The Kid Who Would Be King
The Kid Who Would Be King is good where it counts most.
For those who may not know the story of Quincy Jones, one of pop music’s most gifted producers, this documentary on his life’s work offers a personalized glimpse into a bygone world of entertainment and the legacy of racism that black artists still grapple with today. And for the many people who may only recognize his name from the back of their Thriller record, Alan Hicks and Rashida Jones’ “Quincy” will be a trip to watch as a cast of celebrities share their memories of one of the hardest working men in show business.
When “Quincy” opens, it’s the image of the man we see in star-studded photos. He’s partying a little too hard for his age and still working overtime on who knows how many projects. As a mentor once told me, life has a way of slowing you down when you’re not paying attention. In Jones’ case, it was a serious health scare just after his 80th birthday that made him leave excessive drinking and stress behind for a while. Home footage shows his family gathered around his bed, Jones’ daughter Rashida included, as Quincy lies back looking weakly at his loved ones. If I didn’t know Quincy was still with us when the film was completed, I might have assumed this was a eulogy.
Fortunately, as Jones is recovering, his voice traces his evolution from a wannabe tough kid from the South Side of Chicago to organizing the opening extravaganza of the Smithsonian African American Museum, with President Barack Obama, Oprah Winfrey and Tom Hanks introducing some of the surviving Tuskegee airmen. At times, Jones is surprisingly candid about some of the more painful moments of his life, including his estrangement from his mentally ill mother.
Jones is also open about the racism he faced on the road, like when he played a town which had recently lynched a black man before Jones and his men arrived—they relied on their white bus driver to get food, as black men were unable to enter restaurants. Jones fondly remembers when Frank Sinatra stuck up for him and other black performers who were discriminated against by Vegas hotel owners—after Sinatra threatened to take his singing elsewhere, the Vegas strip desegregated. Film composer Henry Mancini recalls a time as well when a movie producer reached out to him to see if Mancini would recommend hiring Jones for a potential project. The producer was unsure of whether or not black people could score movies.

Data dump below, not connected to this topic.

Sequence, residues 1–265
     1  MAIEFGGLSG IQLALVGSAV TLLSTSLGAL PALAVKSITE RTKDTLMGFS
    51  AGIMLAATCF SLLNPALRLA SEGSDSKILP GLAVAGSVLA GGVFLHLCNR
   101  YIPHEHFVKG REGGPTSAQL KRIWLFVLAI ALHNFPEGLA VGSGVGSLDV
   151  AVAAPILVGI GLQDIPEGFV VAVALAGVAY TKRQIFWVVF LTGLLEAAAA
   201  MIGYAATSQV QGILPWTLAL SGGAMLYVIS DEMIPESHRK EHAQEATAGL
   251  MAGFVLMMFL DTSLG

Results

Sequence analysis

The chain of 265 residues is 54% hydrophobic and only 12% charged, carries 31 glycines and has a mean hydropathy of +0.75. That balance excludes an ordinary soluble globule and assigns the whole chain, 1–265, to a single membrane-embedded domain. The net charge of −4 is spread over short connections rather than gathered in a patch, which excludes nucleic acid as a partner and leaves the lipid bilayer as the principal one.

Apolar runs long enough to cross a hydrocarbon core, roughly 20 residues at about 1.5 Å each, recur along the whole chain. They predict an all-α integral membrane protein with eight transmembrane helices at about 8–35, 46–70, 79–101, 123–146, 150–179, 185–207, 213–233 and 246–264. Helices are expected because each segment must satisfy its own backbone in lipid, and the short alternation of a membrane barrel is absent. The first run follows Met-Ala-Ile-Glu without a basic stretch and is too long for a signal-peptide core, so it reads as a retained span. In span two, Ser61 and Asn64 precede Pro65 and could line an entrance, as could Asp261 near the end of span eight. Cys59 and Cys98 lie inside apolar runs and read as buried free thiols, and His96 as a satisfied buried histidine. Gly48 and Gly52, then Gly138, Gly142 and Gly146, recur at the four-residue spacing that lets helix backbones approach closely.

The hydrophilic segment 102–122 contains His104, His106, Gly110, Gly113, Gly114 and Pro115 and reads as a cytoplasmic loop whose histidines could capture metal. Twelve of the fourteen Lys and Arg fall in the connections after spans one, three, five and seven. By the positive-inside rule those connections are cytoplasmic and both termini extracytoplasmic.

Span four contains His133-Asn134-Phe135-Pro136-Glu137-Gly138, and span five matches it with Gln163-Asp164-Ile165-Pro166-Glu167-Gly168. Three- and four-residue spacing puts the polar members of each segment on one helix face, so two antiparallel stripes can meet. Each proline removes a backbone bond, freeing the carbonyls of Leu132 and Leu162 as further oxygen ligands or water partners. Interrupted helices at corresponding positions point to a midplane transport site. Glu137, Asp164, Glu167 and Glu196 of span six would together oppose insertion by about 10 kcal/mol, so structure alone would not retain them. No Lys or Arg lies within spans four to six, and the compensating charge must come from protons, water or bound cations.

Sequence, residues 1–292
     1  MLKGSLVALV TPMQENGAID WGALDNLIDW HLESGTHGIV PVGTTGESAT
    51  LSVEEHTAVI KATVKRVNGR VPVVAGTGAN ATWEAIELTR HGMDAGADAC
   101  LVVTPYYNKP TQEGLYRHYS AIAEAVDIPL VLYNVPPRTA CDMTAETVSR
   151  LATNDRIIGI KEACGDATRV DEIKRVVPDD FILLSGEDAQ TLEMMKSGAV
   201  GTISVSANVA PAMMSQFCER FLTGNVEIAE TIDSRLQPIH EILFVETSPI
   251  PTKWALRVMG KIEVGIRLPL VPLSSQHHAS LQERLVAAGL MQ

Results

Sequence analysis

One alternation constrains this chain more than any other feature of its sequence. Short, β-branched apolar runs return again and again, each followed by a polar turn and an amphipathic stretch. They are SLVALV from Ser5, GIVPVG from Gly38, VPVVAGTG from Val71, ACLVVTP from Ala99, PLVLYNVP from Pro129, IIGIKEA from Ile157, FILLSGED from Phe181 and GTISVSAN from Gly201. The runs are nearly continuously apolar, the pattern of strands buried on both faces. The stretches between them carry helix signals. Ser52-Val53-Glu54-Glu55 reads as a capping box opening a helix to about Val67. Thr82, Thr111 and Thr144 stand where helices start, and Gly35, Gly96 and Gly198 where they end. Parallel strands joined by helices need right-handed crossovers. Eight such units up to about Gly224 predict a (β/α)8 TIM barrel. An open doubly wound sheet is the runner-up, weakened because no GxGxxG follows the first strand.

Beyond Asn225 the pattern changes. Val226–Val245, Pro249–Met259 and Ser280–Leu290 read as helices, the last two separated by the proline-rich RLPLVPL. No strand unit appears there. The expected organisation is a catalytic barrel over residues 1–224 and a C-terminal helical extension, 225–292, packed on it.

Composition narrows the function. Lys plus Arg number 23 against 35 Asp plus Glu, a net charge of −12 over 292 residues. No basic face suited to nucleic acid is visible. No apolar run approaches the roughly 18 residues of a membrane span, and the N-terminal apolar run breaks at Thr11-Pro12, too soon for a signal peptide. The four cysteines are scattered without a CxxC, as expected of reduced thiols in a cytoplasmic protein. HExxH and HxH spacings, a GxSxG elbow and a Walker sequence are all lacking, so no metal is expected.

With so much ground to cover in Jones’ illustrious career, certain aspects of his biography inevitably feel rushed or glossed over. For instance, Jones becomes remorsefully introspective about the dissolution of his several marriages, but he doesn’t spend a lot of time grappling with why things didn’t quite work. There’s also a voice or two that felt like they were missing in his overall portrait, and their absence is never addressed.
The documentary connects his present day work ethic to his past, and contrasts yesteryear’s heartbreaks to the large, family-filled parties he still enjoys. Jones did so much more than just unleash some of pop’s most successful records of all time. He broke records throughout his career, helped organize Live Aid and other philanthropic ventures, he tried to unite rappers together to set aside their differences in the '90s and today, he’s still seen as a mentor figure for younger musicians. With so many stories and legends to interview and feature, it's no wonder the film runs about two hours.
This review was originally filed from the Toronto International Film Festival on September 12th.
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